Hurricanes highlight importance of coastal restoration
Published 8:30 am Saturday, August 29, 2020
LAPLACE — Hurricane Laura spared the River Parishes, but it provided a frightful reminder of the importance of restoring the Louisiana coast.
Well-constructed levee systems and natural wetlands must work in tandem to provide critical storm surge protection, according to Dr. John Lopez, director of Pontchartrain Conservancy’s Coast & Community Program and a coastal scientist for Restore the Mississippi River Delta.
The last week of August has proved devastating for Southeast Louisiana. Fifteen years have passed since more than 1,200 New Orleans residents lost their lives to citywide flooding that resulted from a levee failure. Eight years ago, much of St. John the Baptist Parish was submerged underwater from slow-moving Hurricane Isaac’s storm surge and massive amounts of rainfall.
New Orleans received an upgraded levee system and a new hurricane surge barrier. Surrounding communities are still waiting for storm protection infrastructure.
“Communities outside the levee system in this area are, for the most part, dependent on home elevation. In terms of levee improvements outside of the Greater New Orleans area, the biggest one is something that’s in progress right now, and that’s the West Shore Levee on the West side of Lake Pontchartrain,” Dr. Lopez said. “We’ve supported that levee from the beginning, and we’re glad to see it being built. Some levees are built in the wrong location and might make things worse by causing a lot of damage to wetlands. In this case, we think there was a reasonable tradeoff. There is some impact to the swamps here, but we think that was minimized for the most part and done in a way that is supportive of the wetlands.”
While some people refer to large areas of swamp and cypress trees as “horizontal levees,” they are not perfect barriers to water. Yet, swamplands are very beneficial at providing resistance to water, which in turn benefits levee systems.
“They are very effective at slowing the currents down and ultimately reducing the surge levels,” Dr. Lopez said. “For the most part, the levees around southeast Louisiana are earthen levees that can’t take severe wave attacks. These trees can be vital to maintaining the integrity of the levee.”
One of the previous alignments of the West Shore Levee System would have put a lot of swamp inside this levee, thereby cutting it off from the coast and sacrificing the benefit of the trees. This was later adjusted, and the final alignment has placed most of the surrounding swampland outside of the levee system.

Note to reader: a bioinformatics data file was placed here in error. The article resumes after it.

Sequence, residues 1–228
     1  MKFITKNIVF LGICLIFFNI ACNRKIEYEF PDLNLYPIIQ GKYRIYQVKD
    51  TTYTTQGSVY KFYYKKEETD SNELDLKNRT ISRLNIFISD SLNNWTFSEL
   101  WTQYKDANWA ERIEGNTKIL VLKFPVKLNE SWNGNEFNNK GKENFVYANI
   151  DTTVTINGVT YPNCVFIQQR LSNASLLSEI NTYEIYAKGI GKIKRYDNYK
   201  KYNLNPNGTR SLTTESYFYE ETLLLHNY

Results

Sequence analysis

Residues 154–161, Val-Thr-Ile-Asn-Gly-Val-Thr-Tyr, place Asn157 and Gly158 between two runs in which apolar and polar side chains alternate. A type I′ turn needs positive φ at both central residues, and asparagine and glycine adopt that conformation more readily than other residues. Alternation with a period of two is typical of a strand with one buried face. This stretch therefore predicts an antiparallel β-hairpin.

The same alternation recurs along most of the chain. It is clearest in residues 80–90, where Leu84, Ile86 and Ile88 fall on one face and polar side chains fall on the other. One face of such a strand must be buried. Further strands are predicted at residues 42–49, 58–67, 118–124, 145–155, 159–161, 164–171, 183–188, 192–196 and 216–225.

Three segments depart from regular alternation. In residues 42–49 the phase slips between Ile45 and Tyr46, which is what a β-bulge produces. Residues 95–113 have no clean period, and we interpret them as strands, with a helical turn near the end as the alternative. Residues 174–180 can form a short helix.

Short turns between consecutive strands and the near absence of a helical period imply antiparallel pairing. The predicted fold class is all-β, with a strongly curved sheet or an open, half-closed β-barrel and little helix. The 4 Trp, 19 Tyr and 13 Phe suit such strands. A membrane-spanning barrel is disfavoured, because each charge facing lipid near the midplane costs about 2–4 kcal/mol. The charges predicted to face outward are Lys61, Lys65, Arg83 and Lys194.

“Levees protect the communities, but we need our coast to protect our levees,” Dr. Lopez said. “The public should be aware of where the wetlands are and knowledgeable of why they are important. They should convey that to their pubic officials.”
There are several local projects in the works to protect Louisiana’s coast.
The Lake Pontchartrain Shoreline Protection Project acknowledges that Lake Pontchartrain’s shorelines have been retreating under the combined impacts of logging, soft soils and wind-driven waves. To reduce the impacts of erosion, St. John Parish will have breakwaters at two locations in Lake Pontchartrain, one south of Pass Manchac and another south of Frenier Landing.
HDR Engineering has finished 15 percent of the preliminary design, and an overview of the project design can be viewed at http://sjbparish.com/pdfs/CZMAC%20August%20Newsletter.pdf.
In February 2020, the RESTORE Council voted to approve funding for the River Reintroduction Into Maurepas Swamp project, which would provide sediment and fresh water to existing wetlands in East Maurepas swamp.
Greg “Za” Maurin is a new appointee to the St. John Parish Coastal Zone Management Advisory Committee and president of Friends of the Manchac Greenway.
“Our main purpose with the Manchac Greenway is to try to preserve the integrity of the land isthmus from LaPlace to Ponchatoula, that little strip where Old 51 passes,” Maurin said.
Early this week, easterly winds from Hurricane Laura covered part of the low road with lake water. Maurin said the Manchac Greenway volunteers are planting trees along the isthmus and working with DOTD to make sure drainage culverts along the road stay clean.
Also in progress are projects that will help St. John the Baptist Parish direct community development in a way that supports storm water drainage.
The LA Safe proposal includes green spaces optimized for water absorption in addition to pedestrian and cyclist paths, permeable parking and shade trees. The design phase is 95 percent complete, and the project will go out for bid within the next few months, according to an August 2020 newsletter from the Coastal Zone Management Advisory Committee.
Committee member Ivy Mathieu said learning to live with Mother Nature will help preserve the “Sportsman’s Paradise” way of life that has become part of the backbone of Louisiana culture.
Mathieu is also concerned with future land development in St. John Parish. She wants the public and homebuilders to be better educated on policies for smart land use to avoid harming natural flood protective resources.
“St. John residents and elected officials must become good and smart stewards of the land, air and water. Elected officials have the added responsibility of resiliency and sustainable policies, practices and laws to ensure a healthy future,” Mathieu said.
Those who would like to contribute to coastal preservation can reach out to the Pontchartrain Conservatory by calling 504-836-2215 or by emailing firstname.lastname@example.org.